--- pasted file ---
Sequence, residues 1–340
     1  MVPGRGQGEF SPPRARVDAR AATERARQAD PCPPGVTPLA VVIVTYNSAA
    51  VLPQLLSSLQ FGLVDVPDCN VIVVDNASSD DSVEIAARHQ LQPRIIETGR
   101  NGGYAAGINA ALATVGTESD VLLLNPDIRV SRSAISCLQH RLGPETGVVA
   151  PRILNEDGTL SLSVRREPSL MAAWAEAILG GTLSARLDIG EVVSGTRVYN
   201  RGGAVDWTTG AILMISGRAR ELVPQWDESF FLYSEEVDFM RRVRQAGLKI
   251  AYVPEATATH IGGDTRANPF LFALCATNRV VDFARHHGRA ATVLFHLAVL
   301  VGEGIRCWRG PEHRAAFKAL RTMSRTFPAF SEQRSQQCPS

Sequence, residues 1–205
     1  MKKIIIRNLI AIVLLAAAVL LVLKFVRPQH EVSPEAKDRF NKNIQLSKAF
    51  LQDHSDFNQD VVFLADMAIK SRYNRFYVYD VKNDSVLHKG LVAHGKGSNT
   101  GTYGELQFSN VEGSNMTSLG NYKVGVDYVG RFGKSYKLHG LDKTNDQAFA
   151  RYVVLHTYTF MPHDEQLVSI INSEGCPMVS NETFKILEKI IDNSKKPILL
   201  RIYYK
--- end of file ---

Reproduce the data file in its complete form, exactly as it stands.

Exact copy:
Sequence, residues 1–340
     1  MVPGRGQGEF SPPRARVDAR AATERARQAD PCPPGVTPLA VVIVTYNSAA
    51  VLPQLLSSLQ FGLVDVPDCN VIVVDNASSD DSVEIAARHQ LQPRIIETGR
   101  NGGYAAGINA ALATVGTESD VLLLNPDIRV SRSAISCLQH RLGPETGVVA
   151  PRILNEDGTL SLSVRREPSL MAAWAEAILG GTLSARLDIG EVVSGTRVYN
   201  RGGAVDWTTG AILMISGRAR ELVPQWDESF FLYSEEVDFM RRVRQAGLKI
   251  AYVPEATATH IGGDTRANPF LFALCATNRV VDFARHHGRA ATVLFHLAVL
   301  VGEGIRCWRG PEHRAAFKAL RTMSRTFPAF SEQRSQQCPS

Sequence, residues 1–205
     1  MKKIIIRNLI AIVLLAAAVL LVLKFVRPQH EVSPEAKDRF NKNIQLSKAF
    51  LQDHSDFNQD VVFLADMAIK SRYNRFYVYD VKNDSVLHKG LVAHGKGSNT
   101  GTYGELQFSN VEGSNMTSLG NYKVGVDYVG RFGKSYKLHG LDKTNDQAFA
   151  RYVVLHTYTF MPHDEQLVSI INSEGCPMVS NETFKILEKI IDNSKKPILL
   201  RIYYK